2. Calcareous or over-limed soils.
3. Light, sandy soils.
4. Excessive usage of potassium and nitrogen.
5. Drought conditions.
6. Soils low in organic matter.
7. Soils with high pH.
8. Low phosphate levels, e.g. maize.

1.1.4 Boron deficiency symptoms
1. Boron deficiency is uncommon but may occur in areas of high rainfall and leached soils.
Also, boron may be present in the soil but is not available in soils with a high pH especially in wet seasons.
The primary role of boron is its involvement in the stabilization of the primary cell walls in plant cells.
Boron is also involved in the carbohydrate metabolism in plants, protein synthesis, seed and cell wall formation, germination of pollen
grains and growth of pollen tubes and sugar translocation.
Boron is important for cell division and for development in the growth regions of the plant near the tips of shoots and roots.
It also affects sugar transport and aids the assimilation of calcium.
Boron affects pollination and the development of viable seeds that, in turn, affect the normal development of fruit.
Some boron is needed for the plant to use calcium.
Boron is more readily leached than other micronutrients especially from acid sandy soils or the highly weathered red basaltic soils.
Heavy leaching rainfall can remove much of the available boron from the surface soil.
Drought or cool spring or autumn soil temperatures can reduce the root's access to boron and capacity to absorb soil boron.
Fruit crops require a small but continuous supply from the soil for growth, pollination and fruit development, so a deficiency of
boron can be induced by fluctuating seasonal conditions and symptoms may suddenly appear although the problem has not been seen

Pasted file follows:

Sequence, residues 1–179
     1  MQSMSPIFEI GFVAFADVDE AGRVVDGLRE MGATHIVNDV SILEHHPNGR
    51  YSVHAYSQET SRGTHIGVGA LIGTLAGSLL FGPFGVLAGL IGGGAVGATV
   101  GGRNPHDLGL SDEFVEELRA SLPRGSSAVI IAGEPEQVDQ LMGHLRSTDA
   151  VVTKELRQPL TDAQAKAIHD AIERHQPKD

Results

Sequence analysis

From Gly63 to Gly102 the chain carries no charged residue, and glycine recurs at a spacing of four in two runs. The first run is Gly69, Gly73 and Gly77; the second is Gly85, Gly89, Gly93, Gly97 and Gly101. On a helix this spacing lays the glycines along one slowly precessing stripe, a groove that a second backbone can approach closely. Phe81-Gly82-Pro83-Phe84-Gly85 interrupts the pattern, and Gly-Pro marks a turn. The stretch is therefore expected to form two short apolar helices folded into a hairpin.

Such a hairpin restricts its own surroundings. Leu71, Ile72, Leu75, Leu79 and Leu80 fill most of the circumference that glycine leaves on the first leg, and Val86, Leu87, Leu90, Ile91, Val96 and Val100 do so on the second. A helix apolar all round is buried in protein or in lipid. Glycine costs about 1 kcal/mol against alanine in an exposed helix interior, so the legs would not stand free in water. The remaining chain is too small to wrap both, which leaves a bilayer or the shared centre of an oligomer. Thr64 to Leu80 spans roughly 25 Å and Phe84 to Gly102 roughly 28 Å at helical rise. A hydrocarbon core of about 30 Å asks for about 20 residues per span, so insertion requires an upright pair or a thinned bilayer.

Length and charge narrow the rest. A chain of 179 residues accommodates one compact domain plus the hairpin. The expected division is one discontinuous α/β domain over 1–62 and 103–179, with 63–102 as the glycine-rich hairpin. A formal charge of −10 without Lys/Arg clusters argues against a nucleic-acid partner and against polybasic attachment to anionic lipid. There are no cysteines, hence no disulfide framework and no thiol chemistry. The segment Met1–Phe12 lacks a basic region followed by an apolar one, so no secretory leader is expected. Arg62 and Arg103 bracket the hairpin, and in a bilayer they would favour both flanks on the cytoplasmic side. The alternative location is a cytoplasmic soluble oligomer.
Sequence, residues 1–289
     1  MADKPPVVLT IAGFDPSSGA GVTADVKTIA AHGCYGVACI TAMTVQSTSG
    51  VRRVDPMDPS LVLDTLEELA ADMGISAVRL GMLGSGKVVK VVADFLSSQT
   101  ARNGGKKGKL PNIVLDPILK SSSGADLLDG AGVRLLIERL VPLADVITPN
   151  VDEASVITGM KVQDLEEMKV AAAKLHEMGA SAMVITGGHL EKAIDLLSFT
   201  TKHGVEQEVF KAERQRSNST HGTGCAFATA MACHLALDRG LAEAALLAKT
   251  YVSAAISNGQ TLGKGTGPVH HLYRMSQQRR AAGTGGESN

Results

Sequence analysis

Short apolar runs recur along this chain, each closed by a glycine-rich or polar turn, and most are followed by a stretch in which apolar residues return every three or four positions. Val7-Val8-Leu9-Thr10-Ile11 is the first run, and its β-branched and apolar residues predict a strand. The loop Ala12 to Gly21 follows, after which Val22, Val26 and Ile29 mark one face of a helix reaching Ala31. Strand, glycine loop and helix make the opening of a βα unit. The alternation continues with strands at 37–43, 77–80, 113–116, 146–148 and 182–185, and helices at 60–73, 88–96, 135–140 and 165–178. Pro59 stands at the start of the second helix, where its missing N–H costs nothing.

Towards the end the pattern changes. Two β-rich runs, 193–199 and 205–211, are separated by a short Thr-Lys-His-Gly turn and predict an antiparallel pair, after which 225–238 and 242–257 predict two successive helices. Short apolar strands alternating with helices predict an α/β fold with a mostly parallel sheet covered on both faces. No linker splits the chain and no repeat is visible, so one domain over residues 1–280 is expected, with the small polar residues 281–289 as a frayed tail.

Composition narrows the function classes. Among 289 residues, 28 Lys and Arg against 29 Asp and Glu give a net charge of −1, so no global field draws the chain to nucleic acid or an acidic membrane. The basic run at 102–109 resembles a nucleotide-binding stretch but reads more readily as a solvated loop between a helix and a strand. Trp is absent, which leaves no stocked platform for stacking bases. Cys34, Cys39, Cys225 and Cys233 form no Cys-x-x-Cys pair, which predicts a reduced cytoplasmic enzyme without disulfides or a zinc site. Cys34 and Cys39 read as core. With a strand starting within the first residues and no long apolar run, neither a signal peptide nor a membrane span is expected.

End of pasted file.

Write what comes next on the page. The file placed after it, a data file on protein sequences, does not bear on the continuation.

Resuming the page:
for years.
2. High levels of exchangeable aluminium, over-liming, excessive irrigation, heavy application of potassium or nitrate fertilizers, and
practices that lead to root damage or soil compaction can induce boron deficiency.
3. Loss of soil organic matter under orchard culture also reduces the capacity of soils to retain boron in older orchards.
4. Symptoms may affect fruit, shoots, and leaf growth but unless the deficiency is severe the symptoms in the fruit are usually noticed
first.
The effects of deficiency appear first in young tissues, growing points, root tips, young leaves and developing fruit.
Boron is more readily leached than other trace elements especially from acid sandy soils or the highly weathered red basaltic soils.
Heavy leaching rainfall can remove much of the available boron from the surface soil.
Drought or cool spring or autumn soil temperatures can reduce the root's access to boron and capacity to absorb soil boron.
Since fruit crops require a small but continuous supply from the soil for growth, pollination and fruit development, a deficiency of
boron can be induced by fluctuating seasonal conditions.
So symptoms may suddenly appear in one season though the problem has not been seen for some years.
High levels of exchangeable aluminium, over-liming, excessive irrigation, heavy application of potassium or nitrate fertilizers, and